I'm really quite surprised to see one devoted to The Joker's Daughter, given the character's relative obscurity; I would have assumed they would have done Arkham collections featuring Black Mask, The Ventriloquist, The Cavalier, Killer Moth, Catman, Ratcatcher, Anarky, Crazy Quilt, Calendar Man and maybe Cornelius Stirk before they got around to The Joker's Daughter. I mean, only two of the above comics are ones that feature the version of the character on the cover, the post-Flashpoint version who found The Joker's flayed-off face floating in the sewer and decided to start wearing it.

The others aren't even just pre-Flashpoint, the vast majority are pre-Crisis, and feature the original, 1970s iteration. I can't imagine how relevant those stories will be to modern readers. Perhaps the simple fact that the character has the word "The Joker" in her name makes an Arkham anthology starring her a more salable proposition than it might otherwise have been...?

Now, these Batman: Arkham books are always at least somewhat interesting to read, because they give readers a portrait of sorts in terms of what the publisher currently thinks of the character, and which stories best encapsulate what that character is all about. This one I will read for an entirely different reason than the curiosity that inspired me to pick up the other ones: A good 80% of these are comics I've never read before.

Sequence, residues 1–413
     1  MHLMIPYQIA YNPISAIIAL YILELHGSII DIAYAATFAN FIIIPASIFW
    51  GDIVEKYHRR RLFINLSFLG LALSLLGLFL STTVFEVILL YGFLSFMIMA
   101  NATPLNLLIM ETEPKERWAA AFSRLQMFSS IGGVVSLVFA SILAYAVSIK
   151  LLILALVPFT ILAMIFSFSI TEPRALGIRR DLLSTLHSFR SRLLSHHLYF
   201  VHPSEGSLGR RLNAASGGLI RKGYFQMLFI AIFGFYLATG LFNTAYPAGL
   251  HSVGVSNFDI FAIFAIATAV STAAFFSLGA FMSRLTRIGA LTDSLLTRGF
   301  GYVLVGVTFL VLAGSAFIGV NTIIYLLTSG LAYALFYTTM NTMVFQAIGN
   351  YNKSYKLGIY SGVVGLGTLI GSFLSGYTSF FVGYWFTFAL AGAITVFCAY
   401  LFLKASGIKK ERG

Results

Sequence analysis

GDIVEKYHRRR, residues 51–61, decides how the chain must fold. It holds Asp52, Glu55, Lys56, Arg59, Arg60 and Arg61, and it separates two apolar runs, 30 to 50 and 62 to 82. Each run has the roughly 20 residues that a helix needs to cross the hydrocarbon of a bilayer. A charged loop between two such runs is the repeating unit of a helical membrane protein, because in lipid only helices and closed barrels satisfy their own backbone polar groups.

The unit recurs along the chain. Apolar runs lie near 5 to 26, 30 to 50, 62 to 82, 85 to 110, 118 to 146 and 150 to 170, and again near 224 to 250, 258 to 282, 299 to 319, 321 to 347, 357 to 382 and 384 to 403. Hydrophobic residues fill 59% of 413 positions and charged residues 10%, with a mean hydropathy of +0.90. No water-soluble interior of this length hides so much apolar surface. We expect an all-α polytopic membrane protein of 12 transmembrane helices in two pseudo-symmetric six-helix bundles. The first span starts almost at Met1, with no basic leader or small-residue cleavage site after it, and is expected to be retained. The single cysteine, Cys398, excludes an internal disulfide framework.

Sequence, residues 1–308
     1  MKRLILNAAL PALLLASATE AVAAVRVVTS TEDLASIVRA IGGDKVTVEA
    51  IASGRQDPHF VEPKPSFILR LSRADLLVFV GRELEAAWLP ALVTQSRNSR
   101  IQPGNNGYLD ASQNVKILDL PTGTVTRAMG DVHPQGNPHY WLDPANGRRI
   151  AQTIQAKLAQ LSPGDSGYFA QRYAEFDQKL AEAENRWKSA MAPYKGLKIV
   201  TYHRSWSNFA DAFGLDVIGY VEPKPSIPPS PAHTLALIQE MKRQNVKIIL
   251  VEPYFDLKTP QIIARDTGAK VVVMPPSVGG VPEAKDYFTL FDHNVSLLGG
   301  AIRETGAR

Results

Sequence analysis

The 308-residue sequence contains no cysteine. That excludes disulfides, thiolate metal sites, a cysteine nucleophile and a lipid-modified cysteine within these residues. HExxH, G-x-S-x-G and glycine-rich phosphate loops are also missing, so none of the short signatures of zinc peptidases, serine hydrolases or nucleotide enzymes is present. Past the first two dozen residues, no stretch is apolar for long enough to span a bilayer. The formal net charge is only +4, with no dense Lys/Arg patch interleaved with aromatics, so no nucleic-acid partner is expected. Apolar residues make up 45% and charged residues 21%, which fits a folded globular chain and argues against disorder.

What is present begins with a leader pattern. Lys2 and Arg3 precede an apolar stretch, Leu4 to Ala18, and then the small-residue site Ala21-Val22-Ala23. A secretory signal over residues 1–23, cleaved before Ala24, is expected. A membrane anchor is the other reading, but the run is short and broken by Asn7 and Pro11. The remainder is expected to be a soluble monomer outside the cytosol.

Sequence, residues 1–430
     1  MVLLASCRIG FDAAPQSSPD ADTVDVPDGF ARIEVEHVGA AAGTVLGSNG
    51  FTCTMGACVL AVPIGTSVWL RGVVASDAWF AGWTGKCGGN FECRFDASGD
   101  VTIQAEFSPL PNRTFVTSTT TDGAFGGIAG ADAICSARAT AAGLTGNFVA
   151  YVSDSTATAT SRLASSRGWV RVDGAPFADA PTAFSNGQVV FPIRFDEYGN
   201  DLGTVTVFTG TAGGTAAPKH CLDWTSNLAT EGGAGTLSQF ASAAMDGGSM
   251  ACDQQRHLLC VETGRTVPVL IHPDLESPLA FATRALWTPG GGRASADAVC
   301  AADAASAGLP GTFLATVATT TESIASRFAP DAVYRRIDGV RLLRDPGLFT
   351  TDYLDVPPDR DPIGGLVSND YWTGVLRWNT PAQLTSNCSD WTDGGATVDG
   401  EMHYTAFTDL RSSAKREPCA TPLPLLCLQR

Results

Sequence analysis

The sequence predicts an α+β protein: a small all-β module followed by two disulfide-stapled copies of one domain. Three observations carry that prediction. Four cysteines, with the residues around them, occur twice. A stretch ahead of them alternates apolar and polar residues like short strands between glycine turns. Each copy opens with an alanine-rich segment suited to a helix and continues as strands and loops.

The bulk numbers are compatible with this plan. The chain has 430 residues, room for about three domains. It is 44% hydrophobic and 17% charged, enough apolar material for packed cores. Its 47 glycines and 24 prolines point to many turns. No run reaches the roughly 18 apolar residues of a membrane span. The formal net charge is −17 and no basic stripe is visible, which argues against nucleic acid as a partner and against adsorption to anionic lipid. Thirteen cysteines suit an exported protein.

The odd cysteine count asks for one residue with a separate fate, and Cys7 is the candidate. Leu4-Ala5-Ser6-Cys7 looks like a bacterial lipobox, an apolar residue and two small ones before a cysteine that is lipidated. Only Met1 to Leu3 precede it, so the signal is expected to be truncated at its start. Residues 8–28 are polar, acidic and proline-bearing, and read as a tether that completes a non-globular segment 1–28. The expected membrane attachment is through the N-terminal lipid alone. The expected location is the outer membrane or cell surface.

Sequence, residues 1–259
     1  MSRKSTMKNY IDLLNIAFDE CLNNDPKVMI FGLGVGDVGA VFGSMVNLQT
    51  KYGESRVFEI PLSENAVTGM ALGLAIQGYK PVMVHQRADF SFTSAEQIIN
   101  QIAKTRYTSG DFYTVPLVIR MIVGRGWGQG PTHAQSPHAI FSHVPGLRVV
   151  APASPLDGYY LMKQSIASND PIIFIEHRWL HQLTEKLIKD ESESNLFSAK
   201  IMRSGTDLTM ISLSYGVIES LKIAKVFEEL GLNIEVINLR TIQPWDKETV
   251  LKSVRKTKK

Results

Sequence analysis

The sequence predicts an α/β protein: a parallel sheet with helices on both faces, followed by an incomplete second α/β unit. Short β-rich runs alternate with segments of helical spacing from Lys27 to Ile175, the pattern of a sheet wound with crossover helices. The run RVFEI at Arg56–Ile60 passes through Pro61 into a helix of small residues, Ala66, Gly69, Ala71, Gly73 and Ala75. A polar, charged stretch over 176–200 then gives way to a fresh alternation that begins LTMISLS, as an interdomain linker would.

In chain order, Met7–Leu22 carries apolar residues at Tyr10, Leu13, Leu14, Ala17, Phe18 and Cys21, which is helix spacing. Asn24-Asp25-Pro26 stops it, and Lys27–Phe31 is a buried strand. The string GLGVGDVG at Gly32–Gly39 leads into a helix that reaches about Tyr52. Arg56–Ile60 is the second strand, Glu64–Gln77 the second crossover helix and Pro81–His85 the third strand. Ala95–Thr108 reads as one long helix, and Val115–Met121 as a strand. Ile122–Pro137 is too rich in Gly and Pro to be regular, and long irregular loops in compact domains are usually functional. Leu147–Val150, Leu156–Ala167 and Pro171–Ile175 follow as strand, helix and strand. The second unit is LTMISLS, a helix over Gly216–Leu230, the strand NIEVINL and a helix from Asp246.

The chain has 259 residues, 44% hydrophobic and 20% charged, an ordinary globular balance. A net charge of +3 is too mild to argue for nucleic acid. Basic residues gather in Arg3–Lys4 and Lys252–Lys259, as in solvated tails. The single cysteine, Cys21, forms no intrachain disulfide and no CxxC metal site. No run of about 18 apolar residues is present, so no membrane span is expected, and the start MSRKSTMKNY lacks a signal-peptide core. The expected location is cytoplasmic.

Designed by PETER KUPER
Sculpted by IRENE MATAR
Holy identity crisis, Batman! Who will win this epic battle of BATMAN BLACK & WHITE SPY VS SPY AS BATMAN statue? Designed by “Spy vs Spy” artist Peter Kuper and sculpted by Irene Matar, this statue stands on the trademark Batman Black & White symbol base.
Limited Edition of 5,000
Measures Approximately 7.47” Tall
$80.00 US • On Sale MARCH 2018
Allocations May Occur

If this isn't the weirdest fucking thing DC Comics has ever solicited, I sure would like to know what is.

Written by KURT BUSIEK
Art and cover by JOHN PAUL LEON
Young Bruce Wainwright lost his parents in a violent crime…and in the real world, no superheroes exist to save the day. But as grief and rage builds inside Bruce until he feels he can’t keep it inside anymore, something strange starts taking wing in the Gotham night! Perhaps Bruce’s grief isn’t inside him after all?